Chinese Economy Gets A Blow
Communist China’s economy narrowly escaped a contraction in the second quarter as the fallout from leader Xi Jinping’s economic policies.
July sales were down 28.6 per cent from June, ending a two-month recovery in month-to-month sales growth. Apartment sales showed increases in May and June from the previous months as activity picked up following long Covid-19 lockdowns in Shanghai and other Chinese cities this year.
The results in manufacturing and real estate, itself accounting for one-third of China’s economy by some estimates, underscored how far the country remains from any semblance of postpandemic normalcy.
The economy expanded 0.4 per cent year on year in the three months to the end of June, below the 1.2 per cent forecast by economists, and down from the 4.8 per cent recorded in the first quarter.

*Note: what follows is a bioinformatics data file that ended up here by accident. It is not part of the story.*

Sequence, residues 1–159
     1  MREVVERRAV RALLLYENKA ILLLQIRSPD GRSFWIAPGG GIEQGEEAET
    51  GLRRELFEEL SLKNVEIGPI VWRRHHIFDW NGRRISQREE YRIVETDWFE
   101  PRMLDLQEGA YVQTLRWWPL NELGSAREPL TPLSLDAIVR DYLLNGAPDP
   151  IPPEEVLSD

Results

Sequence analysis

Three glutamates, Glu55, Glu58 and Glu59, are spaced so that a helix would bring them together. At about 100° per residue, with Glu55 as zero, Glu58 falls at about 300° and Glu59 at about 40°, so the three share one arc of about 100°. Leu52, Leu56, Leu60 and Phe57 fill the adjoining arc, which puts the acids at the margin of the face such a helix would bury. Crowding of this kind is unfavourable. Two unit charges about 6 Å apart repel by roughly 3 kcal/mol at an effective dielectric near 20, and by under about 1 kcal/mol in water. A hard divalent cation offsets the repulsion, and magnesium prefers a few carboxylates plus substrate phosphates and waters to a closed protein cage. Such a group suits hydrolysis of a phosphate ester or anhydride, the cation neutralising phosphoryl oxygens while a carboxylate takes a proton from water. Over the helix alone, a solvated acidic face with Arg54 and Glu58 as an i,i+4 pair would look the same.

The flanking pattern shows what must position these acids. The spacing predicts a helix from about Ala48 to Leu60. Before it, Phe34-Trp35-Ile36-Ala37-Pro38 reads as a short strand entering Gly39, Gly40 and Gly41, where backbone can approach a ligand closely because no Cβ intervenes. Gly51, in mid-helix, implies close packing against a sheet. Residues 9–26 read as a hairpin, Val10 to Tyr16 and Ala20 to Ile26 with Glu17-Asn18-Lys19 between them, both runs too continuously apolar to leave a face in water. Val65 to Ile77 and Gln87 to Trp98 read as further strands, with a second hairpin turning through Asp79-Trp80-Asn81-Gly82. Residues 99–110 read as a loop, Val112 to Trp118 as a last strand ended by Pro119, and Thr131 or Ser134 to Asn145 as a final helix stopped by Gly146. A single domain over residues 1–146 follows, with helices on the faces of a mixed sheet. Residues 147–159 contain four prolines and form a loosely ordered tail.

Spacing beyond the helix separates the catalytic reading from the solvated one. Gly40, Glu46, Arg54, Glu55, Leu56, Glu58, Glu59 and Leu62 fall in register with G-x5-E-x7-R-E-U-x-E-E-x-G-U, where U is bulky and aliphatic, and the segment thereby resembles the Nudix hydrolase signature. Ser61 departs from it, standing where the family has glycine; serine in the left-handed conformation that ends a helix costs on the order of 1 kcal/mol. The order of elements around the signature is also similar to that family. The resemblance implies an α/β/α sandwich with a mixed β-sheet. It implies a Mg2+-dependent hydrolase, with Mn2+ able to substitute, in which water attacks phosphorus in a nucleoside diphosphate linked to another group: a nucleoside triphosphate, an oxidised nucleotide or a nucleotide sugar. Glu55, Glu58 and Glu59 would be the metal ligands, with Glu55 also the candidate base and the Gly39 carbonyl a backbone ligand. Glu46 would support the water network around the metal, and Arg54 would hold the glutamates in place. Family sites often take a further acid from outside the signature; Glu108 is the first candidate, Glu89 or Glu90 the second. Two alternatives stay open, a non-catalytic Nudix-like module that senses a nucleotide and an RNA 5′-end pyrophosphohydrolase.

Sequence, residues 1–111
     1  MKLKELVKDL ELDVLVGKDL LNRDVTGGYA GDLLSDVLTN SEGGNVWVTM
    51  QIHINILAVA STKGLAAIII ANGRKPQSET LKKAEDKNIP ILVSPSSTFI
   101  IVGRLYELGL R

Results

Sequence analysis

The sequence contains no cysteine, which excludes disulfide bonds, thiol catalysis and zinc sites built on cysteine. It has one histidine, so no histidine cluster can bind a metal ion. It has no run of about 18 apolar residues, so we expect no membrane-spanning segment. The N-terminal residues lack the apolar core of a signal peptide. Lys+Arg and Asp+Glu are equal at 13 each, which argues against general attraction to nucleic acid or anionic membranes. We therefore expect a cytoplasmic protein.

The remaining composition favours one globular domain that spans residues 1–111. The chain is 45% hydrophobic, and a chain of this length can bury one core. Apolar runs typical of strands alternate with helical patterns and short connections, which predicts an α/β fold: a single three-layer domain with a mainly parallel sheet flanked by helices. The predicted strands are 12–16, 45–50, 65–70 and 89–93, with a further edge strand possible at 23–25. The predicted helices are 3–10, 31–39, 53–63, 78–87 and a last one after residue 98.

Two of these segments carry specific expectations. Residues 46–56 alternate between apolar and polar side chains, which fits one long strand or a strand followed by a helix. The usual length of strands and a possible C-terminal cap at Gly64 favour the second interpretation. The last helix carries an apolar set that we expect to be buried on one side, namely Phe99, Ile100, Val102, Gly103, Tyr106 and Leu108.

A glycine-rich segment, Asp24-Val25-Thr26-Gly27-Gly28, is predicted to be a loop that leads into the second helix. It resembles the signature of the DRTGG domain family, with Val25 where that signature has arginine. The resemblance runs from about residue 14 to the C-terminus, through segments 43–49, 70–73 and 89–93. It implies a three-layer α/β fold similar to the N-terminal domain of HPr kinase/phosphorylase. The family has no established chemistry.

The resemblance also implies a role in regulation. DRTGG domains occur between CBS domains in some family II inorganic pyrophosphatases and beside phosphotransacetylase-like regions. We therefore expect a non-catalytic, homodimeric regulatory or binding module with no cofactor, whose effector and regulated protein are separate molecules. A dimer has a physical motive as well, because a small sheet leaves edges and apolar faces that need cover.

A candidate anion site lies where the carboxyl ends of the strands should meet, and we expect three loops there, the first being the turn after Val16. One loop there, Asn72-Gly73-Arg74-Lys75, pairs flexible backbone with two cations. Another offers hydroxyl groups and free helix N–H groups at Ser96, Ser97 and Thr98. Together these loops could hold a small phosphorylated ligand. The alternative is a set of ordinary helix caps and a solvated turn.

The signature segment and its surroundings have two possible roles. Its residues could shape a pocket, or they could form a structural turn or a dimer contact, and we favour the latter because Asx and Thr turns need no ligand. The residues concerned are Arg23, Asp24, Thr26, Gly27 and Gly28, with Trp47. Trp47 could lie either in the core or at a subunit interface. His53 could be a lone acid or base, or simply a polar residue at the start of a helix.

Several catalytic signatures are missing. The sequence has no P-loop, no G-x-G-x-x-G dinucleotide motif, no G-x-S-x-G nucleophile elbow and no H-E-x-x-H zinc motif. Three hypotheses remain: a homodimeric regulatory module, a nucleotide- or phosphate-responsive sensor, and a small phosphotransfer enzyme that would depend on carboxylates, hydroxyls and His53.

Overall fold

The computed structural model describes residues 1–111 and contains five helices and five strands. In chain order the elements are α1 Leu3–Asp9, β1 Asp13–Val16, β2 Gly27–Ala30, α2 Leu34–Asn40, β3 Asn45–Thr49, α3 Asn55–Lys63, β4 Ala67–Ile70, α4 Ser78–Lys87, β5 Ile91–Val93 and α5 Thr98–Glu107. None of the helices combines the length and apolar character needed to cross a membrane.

The National Bureau of Statistics figures were released at a tense juncture for Xi’s economic planners.
The 0.4 per cent result marked China’s second-worst quarterly growth figure in 30 years, following a contraction at the start of the pandemic.
With first-half growth at 2.5 per cent, Beijing is expected to miss its target of about 5.5 per cent annual growth for 2022, itself a three-decade low.
These data highlight the unfavourable domestic and external circumstances that are squeezing economic activity and emphasise the dire need for short-term policy measures to revive growth, said Eswar Prasad, economics professor at Cornell University and former head of the IMF’s China division.